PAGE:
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Contributors: Vivian Wong MD, PhD, Susan Burgin MD, Belinda Tan MD, PhD, Lowell A. Goldsmith MD, MPH
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The cryoglobulinemias are caused by circulating immunoglobulins that undergo reversible precipitation from plasma or serum upon cooling (temperatures less than 37°C [98.6ºF]). Cryoglobulinemia is associated with multiple systemic disorders as outlined below.

Three subtypes of cryoglobulins are characterized, according to immunoglobulin type:
  • Type I cryoglobulins (10%-15% of cases) are monoclonal cryoglobulins typically made of IgM and sometimes IgA or IgG. Type I cryoglobulinemia is associated with lymphoproliferative disorders (most commonly multiple myeloma and Waldenström macroglobulinemia). The monoclonal cryoglobulins precipitate at lower temperatures, leading to vascular occlusion and ischemic damage of tissues. Typically, acral areas are affected.
  • Type II (50%-60% of cases) and Type III (30%-40% of cases) cryoglobulins are mixed cryoglobulins that consist of a rheumatoid factor (IgM) complexed with either a monoclonal IgG (Type II) or a polyclonal IgG or non-immunoglobulin serum component (Type III). While mixed cryoglobulins are most commonly associated with infections (hepatitis B and C, Epstein-Barr virus, cytomegalovirus, leprosy, endocarditis, and more rarely parasitic infections) and rheumatological conditions (systemic lupus erythematosus, rheumatoid arthritis, and Sjögren syndrome), lymphoproliferative diseases (such as chronic lymphocytic leukemia) have also been associated. These complexes cause a small and medium vessel vasculitis due to deposition of IgG/IgM and complement activation.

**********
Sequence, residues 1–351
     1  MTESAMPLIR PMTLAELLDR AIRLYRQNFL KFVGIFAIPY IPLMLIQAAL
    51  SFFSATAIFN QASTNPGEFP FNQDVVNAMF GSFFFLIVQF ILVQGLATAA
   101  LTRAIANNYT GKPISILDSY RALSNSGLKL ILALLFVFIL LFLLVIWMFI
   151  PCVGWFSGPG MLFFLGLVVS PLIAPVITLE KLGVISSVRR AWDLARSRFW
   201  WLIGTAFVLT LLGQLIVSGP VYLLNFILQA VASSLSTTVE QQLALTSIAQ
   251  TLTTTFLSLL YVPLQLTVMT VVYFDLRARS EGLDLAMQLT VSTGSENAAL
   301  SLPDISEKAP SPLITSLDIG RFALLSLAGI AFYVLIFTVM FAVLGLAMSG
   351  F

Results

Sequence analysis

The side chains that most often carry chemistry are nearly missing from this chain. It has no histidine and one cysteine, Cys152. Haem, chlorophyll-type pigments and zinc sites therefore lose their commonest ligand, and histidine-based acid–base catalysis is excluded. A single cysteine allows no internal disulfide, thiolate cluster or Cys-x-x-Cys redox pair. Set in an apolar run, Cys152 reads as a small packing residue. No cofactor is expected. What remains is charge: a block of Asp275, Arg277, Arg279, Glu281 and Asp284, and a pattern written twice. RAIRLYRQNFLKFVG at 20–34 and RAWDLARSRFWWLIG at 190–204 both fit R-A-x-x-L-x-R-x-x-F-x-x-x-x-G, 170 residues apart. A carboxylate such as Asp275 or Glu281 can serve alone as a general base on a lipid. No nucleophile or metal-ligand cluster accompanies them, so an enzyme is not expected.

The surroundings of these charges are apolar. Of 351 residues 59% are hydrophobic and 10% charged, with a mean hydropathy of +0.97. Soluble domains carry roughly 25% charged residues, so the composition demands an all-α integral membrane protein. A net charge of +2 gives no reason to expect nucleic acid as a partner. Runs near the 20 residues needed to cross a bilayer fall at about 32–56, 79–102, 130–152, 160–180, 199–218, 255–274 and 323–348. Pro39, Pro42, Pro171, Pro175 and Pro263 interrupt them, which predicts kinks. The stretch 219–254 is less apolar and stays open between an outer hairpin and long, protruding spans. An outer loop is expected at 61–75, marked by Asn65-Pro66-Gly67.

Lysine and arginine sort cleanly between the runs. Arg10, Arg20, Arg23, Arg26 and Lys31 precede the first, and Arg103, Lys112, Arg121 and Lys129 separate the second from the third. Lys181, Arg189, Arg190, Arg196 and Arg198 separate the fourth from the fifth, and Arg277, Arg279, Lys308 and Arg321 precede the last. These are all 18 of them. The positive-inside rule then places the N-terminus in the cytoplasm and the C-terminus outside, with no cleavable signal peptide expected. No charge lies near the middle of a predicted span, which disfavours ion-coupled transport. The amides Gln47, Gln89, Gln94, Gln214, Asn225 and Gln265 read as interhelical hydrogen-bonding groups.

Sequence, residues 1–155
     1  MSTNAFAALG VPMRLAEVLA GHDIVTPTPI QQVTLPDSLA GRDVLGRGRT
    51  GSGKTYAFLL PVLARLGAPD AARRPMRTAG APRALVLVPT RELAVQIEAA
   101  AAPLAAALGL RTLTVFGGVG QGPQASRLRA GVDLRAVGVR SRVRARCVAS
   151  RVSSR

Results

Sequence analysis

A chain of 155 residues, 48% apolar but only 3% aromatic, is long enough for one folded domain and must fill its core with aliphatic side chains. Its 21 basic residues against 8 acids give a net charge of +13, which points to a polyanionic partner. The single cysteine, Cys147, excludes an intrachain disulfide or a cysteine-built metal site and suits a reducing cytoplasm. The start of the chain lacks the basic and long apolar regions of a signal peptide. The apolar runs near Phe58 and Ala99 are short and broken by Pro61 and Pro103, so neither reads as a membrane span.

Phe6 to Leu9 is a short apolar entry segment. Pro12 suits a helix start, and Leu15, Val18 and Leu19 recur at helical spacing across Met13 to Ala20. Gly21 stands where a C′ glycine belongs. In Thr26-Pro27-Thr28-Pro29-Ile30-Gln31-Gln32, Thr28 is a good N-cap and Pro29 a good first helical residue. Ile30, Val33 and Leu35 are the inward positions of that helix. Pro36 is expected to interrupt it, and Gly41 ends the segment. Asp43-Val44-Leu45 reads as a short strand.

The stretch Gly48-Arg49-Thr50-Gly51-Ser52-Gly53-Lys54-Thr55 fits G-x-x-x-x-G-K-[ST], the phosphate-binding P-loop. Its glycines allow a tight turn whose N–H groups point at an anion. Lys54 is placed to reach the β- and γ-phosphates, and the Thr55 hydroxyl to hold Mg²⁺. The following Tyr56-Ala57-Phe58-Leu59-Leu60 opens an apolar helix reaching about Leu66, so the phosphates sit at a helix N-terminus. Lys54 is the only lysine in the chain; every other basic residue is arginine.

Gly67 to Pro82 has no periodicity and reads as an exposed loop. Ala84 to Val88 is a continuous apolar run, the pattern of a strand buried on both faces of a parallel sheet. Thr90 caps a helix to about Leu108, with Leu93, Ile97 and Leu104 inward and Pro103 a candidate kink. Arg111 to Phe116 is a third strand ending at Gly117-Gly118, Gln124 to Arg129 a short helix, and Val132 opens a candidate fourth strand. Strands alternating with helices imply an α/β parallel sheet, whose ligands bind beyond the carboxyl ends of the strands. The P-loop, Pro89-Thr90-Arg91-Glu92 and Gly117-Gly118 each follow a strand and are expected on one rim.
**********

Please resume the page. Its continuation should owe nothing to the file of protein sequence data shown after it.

D89.1 – Cryoglobulinemia

30911005 – Cryoglobulinemia

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Diagnostic Pearls

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Differential Diagnosis & Pitfalls

Type I cryoglobulinemia:
Types II and III cryoglobulinemia:

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Management Pearls

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Drug Reaction Data

Below is a list of drugs with literature evidence indicating an adverse association with this diagnosis. The list is continually updated through ongoing research and new medication approvals. Click on Citations to sort by number of citations or click on Medication to sort the medications alphabetically.

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Last Updated: 06/09/2016
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Cryoglobulinemia : Acral, Eschar, Retinal hemorrhage, Ecchymosis, Arthralgia
Clinical image of Cryoglobulinemia
Purpuric macules on the leg and an eschar overlying a purpuric plaque on the ankle.
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